Yesterday, thanks to an investigation to track down the “lost VC”, a service of dedication was held at St Peter & St Paul Church where Corporal Wilcox, of the 2nd/4th Bn, Ox & Bucks Light Infantry, was buried in 1954. The new memorial stone unveilled on Tuesday, 12th September 2006, simply reads “For Valour. Near this site lies Alfred Wilcox 1884-1954, awarded the Victoria Cross for conspicuous bravery in France, 12 Sept 1918.”

Those relatives attending the ceremony included Alfred Wilcox’s son Vincent Nicholls, granddaughter Elaine Read and nephew John Wilcox. Elaine Read and General Sir Edward Jones, chairman of the Regimental Committee of the Ox & Bucks Light Infantry both laid a wreath on the base of the new headstone. The standard bearers in attendance were the National Service Veterans Association, the Birmingham and District Royal Artillery Association, South Staffordshire County Royal British Legion, and the Federation of Ex-Servicemen.

Alfred Wilcox enlisted in the 1st Royal Warwicks, a Volunteer Battalion, in 1902, where after serving for four years his job took him to Liverpool where he continued serving as a Territorial for a further three years. He retired with the rank of Corporal in 1909. On 25 March 1915 he joined the Royal Bucks Hussars, but was dismounted shortly afterwards, and was attached to the 2/4th Ox & Bucks Light Infantry, going to France in December 1917

Lance Corporal Alfred Wilcox was a member of the 2/4th Bn, Ox & Bucks Light Infantry which arrived at Laventie, south-west of Armentieres on 11th September 1918. The enemy was holding the line called the Picantin – Junction Post and the Battalion was ordered forward to attempt to hold an outpost line that was to the north-east of the town. Headquarters was established in a former dressing station in Laventie, a house of pretentious size, which had not been destroyed by enemy artillery.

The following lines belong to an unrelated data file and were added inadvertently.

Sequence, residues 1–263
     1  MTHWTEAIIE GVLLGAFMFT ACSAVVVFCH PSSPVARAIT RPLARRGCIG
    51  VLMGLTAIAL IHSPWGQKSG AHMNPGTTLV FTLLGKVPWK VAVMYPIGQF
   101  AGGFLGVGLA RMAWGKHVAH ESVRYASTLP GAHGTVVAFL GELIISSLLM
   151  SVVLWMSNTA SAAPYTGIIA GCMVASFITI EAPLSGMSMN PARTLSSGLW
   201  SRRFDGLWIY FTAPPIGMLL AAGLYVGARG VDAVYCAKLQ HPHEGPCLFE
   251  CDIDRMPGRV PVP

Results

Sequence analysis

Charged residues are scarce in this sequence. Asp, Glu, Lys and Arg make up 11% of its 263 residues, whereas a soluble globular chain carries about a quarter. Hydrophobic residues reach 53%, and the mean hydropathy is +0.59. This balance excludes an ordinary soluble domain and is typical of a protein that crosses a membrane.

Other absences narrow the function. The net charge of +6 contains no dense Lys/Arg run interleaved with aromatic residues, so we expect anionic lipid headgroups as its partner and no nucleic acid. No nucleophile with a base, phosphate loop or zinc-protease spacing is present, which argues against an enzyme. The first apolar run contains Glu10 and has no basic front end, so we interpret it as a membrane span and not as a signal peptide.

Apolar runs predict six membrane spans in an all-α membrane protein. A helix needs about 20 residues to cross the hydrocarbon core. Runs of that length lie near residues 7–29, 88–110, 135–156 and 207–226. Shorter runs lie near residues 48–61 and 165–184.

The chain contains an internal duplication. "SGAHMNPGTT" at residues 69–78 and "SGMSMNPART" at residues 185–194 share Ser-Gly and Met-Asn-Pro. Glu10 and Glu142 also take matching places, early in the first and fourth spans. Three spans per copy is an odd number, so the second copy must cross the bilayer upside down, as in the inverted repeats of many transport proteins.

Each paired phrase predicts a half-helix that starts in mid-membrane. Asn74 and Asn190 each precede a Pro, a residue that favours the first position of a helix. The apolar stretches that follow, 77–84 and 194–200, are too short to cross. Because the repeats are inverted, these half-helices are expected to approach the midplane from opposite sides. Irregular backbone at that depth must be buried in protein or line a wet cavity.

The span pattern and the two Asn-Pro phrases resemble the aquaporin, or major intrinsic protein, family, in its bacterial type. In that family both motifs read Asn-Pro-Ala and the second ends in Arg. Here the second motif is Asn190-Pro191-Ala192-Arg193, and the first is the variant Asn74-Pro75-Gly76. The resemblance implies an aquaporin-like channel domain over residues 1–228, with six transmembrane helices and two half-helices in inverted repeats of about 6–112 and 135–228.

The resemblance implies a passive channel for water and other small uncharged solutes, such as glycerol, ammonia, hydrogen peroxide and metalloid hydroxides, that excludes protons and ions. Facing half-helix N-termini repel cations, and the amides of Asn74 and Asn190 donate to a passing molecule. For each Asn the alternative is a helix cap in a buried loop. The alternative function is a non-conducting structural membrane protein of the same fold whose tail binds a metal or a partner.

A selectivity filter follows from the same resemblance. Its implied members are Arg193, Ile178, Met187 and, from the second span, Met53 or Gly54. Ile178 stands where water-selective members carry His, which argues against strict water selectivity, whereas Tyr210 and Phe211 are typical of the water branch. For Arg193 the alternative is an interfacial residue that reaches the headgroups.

The Battalion was ordered to attack Junction Post the following day, the 12th September. The post was a grass-bound breastwork, where the enemy offered strong resistance, the attack being carried out in driving rain. It was here that Alfred Wilcox gained the Victoria Cross and the citation sums up perfectly the heroic action that took place.

[ London Gazette, 15 November 1918 ], Near Laventie, France, 12 September 1918, 285242 Private ( Lance Corporal ) 2nd/4th The Oxfordshire & Buckinghamshire Light Infantry

For most conspicuous bravery and initiative in attack (near Laventie, France) when his company was held up by heavy and persistent machine-gun fire at close range. On his own initiative, with four men he rushed ahead to the nearest enemy gun, bombed it, killed the gunner, and put the gun out of action. Being then attacked by an enemy bombing party, Cpl. Wilcox picked up enemy bombs and led his party against the next gun, finally capturing and destroying it. Although left with only one man, he continued bombing and captured a third gun. He again bombed up the trench, captured a fourth gun, and then rejoined his platoon. Cpl. Wilcox displayed in this series of successful individual enterprises exceptional valour, judgment, and initiative.”

Alfred Wilcox was invested with his Victoria Cross by King George V at Buckingham Palace on the 26th November 1919.

After discharge from the Army, Alfred Wilcox attended many reunions of Victoria Cross holders, including the 1920 Afternoon Garden Party and the 1929 VC Reunion Dinner in the House of Lords. Wilcox was very interested in sport and in particular was a keen cyclist. He was also a good swimmer and long-distance walker, being a member of Birchfield Harriers. Alfred Wilcox died at his home, 31 Arthur Street, Small Heath, Birmingham, on the 30th March 1954 and was buried in an unmarked grave in St Peter & St Paul Churchyard, Aston.